Everything for Your Home's
Beauty, Comfort & Convenience 384-2123
704 Jamestown St, Columbia
Dr. Ronald P. Rogers
Support for your body's natural healing capabilities
Click here for details
Click here for information
Real Estate & Auction Co.
Duo County Telecom
Now Available Through
Your Cable Service!
GUN & PAWN
What's Going On
Info about the
Janice Holt Giles
and Henry Giles Society
Columbia Gas Dept.
GAS LEAK or GAS SMELL
24 hrs/ 365 days
270-384-2006 or 9-1-1
Call before you dig
Directory of Churches
phone numbers and more
for churches in Adair County
Rollin Knifley comes to terms with perservering orb weavers
At first, when a giant spider took over his back porch, he did his best to humanely deport her. But after more than a dozen unsuccessful tries, he settled for being a studious sidewalk superintendent, googling spiders as she worked. As best he can determine, his spiders and the builder of Fred Rowe's web are orb weavers, closely related to the bright red and orange garden spider so familiar in the Gradyville area of Adair County and elsewhere in the region.
Comments re photo 68152 Giant spider web greets Rowe Farm staff
By Rollin Knifley
I am by no means a spider expert. Typically, any spider I encounter outdoors, I give plenty of room. If encountered indoors, that is usually bad news for the spider. Im not sure why, but there isn't anything that will throw a case of the willies on me like a spider. If I walk through a web, or God forbid a spider gets on me, I go straight into the "every man for himself mode". I don't care if you are a child, woman, young or elderly, you are on your own! I'm not proud of it, it's just the way I was made.
Despite respect for spiders, he became curious
Despite my (we will call it respect) for spiders, I found myself curious about them about this time last year. I had walked out on our deck and noticed a pretty good size web about waist high. I immediately found the longest broom in the house and tore it down. The next day I stepped out on the deck and there it was again in the same place. I tore it down again. Next day, same thing. I decided to look for the persistant maker and found her hiding in a plant we had on the porch. I went to the garage and got a shovel. I managed to get her on the end of the shovel and tossed her out in the yard. The next morning I stepped out on the deck and looked in the spot where the web had been and it wasn't there. I was fairly pleased with myself until I turned around and looked up. She had came back to the porch and moved her web up to the corner of two 6x6s. I decided that since she was so determined to live on my back porch I would let her as long as she stayed up high. I started going out on the porch in the late evening and watching her work her craft in web making. I would sneak up close to get a good look at her and spend 30 minutes googling spiders to see if I could identify her.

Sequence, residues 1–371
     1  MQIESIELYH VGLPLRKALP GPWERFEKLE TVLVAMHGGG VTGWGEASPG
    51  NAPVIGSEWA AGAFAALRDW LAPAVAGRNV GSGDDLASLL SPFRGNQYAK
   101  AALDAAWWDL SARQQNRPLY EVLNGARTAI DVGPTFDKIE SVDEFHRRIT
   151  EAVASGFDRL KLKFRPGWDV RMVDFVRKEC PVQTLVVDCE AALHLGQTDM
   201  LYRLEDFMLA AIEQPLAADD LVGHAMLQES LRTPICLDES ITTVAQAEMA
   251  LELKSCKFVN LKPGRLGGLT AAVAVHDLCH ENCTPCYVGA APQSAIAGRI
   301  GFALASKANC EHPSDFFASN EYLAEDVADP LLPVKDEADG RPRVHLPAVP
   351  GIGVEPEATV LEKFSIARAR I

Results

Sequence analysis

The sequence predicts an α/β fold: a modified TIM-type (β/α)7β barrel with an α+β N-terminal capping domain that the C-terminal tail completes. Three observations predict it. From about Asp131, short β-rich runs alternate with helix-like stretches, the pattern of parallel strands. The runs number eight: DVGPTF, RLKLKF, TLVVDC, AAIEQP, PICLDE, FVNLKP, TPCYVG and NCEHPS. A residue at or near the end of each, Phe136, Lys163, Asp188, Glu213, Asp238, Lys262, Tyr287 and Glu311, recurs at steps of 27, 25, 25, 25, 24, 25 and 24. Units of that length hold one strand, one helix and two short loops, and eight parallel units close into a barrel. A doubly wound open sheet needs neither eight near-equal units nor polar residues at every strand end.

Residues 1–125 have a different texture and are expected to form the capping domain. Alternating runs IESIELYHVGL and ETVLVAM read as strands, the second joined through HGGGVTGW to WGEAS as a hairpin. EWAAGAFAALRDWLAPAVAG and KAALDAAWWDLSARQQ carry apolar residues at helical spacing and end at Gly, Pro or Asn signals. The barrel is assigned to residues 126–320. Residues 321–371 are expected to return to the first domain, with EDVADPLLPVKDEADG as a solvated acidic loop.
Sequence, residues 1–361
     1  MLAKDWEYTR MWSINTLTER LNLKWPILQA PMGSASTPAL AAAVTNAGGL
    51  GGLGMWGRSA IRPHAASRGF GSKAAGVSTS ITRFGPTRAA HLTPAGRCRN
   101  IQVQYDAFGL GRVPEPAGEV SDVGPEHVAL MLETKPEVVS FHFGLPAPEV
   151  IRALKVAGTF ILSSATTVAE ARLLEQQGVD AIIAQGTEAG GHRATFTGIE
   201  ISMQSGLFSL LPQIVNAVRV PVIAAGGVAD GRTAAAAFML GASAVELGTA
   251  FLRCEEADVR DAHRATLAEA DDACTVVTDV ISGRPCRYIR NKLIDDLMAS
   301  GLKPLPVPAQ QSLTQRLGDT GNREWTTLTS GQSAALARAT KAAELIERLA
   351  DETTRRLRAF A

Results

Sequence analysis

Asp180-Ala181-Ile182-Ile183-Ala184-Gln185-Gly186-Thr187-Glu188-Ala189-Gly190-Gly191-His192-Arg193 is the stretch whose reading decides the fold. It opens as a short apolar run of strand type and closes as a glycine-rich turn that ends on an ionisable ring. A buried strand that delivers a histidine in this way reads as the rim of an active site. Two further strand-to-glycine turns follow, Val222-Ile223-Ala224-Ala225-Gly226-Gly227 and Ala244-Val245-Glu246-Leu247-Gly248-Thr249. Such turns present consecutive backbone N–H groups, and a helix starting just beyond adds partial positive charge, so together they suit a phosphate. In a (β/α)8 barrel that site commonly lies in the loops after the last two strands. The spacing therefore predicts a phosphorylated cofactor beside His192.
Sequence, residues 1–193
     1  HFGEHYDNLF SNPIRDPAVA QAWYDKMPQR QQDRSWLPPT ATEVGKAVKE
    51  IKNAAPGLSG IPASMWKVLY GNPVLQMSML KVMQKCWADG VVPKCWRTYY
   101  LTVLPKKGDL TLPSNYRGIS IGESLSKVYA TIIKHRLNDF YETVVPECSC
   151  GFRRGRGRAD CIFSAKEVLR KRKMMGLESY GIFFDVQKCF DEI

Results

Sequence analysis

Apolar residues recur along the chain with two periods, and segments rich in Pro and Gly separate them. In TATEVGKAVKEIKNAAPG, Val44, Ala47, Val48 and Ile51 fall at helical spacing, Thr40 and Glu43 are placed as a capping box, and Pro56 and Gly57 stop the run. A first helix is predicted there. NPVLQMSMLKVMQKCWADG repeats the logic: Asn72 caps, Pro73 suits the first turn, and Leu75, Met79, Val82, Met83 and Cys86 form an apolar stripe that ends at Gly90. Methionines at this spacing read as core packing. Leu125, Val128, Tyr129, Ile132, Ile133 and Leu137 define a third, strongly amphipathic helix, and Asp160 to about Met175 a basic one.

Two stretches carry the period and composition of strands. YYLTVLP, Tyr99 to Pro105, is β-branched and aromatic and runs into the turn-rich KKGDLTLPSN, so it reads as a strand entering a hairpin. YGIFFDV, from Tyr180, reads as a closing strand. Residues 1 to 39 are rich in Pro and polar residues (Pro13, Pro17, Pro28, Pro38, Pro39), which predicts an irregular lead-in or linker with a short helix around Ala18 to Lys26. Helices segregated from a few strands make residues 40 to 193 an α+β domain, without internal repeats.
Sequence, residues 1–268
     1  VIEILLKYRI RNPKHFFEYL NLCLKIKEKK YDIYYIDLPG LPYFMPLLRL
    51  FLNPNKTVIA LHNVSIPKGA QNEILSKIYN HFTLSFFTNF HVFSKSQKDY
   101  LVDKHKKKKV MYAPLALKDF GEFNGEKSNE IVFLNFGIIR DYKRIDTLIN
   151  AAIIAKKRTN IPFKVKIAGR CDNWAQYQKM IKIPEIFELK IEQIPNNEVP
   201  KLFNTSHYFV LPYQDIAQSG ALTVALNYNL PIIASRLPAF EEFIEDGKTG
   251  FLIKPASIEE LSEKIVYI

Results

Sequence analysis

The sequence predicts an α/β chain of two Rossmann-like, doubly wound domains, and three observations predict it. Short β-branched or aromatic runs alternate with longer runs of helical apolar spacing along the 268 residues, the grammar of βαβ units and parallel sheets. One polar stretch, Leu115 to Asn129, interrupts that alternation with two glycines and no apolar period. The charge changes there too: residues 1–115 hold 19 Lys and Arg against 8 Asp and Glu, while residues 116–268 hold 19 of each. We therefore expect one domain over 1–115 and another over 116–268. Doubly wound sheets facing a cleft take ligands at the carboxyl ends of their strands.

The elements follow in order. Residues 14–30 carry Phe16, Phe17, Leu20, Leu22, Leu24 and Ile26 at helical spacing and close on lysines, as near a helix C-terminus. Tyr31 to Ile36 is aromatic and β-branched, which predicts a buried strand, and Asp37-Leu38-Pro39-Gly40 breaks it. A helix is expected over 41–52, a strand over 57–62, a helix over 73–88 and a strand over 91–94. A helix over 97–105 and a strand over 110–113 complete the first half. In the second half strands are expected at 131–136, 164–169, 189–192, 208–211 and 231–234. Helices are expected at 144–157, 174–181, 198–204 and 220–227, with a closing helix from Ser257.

He learned she was a spider in the Orb Weaver family
Here is what I learned. She was a spider in the Orb Weaver family. Im not gonna use the big fancy words. Google "orb weaver" if you want to see the big words. They are in the same family as the black and yellow garden spiders that we have all seen. The garden spiders usually have the zig-zag pattern in the middle of its web. The garden spider will normally hang out there all the time. Since the web on the Rowes farm is absent of the zig-zag and the spider, I'm guessing that this is a variety of the orb weaver that hides during the day and comes to the web in the late evening. There are about 3100 species of orb weavers worldwide. They get their names from the wheel-like webs. A lot of them consume and rebuild their webs every night. I would be willing to bet, if they go to the web tonight about 7 o'clock they will find her there working away. They can get to be fairly big. About the size of a half dollar. Big abdomen, 2 inch legs. They do have venom, but are not poisonous or dangerous to healthy humans.
Last year 13 of them at his home
Last year I ended up with 13 of them around the house. One built over the light on the front porch. She was a pretty cool natural Halloween decoration. This year there are already three on the back porch. --Rollin Knifley
This story was posted on 2016-08-21 14:22:04
Printable: this page is now automatically formatted for printing.
Have comments or corrections for this story? Use our contact form and let us know.
To sponsor news and features on ColumbiaMagazine, please use our contact form.
More articles from topic Farm and Garden:
KDA presents 'Ag Tag' checks to Kentucky 4-H, FFA
Quarles, Fischer honor Kentucky Local Food Heroes
Deadline for CAIP program grant application nearing
Kentucky farmers' markets can 'double' fresh food for families
Adair Co. Garden Club meets 25 Aug 2016
Mike Bosela: Paulownia trees not appropriate for our region
Sycamore Springs: How to Identify Plants App
Applications for CAIP program available 1-19 Aug 2016
Dr. Charles Giles of Columbia featured in The Blood-Horse
KY Ag Department allows use of Sivanto to fight sugarcane aphid
View even more articles in topic Farm and Garden
Click for Info
Bank of Columbia
If You're Thinking of Selling,
Let Us Do the Yelling
Principal Broker & Auctioneer
Burton Real Estate
& Auction Service
Call Us For Appraisals
Click for Listings
On This Site
or Click Here
The Best of
Local Stories of
The Greatest Generation
Order Book or e-Book
See who's celebrating
Birthdays and Anniversaries
Special Events List
Find Great Stuff in
Antiques, Help Wanted,
Autos, Real Estate,
Legal Notices, More...
ColumbiaMagazine.com content is available as an RSS/XML feed for your RSS reader or other news aggregator.
Contact us: Columbia Magazine and columbiamagazine.com are published by D'Zine, Ltd., PO Box 906, Columbia, KY 42728.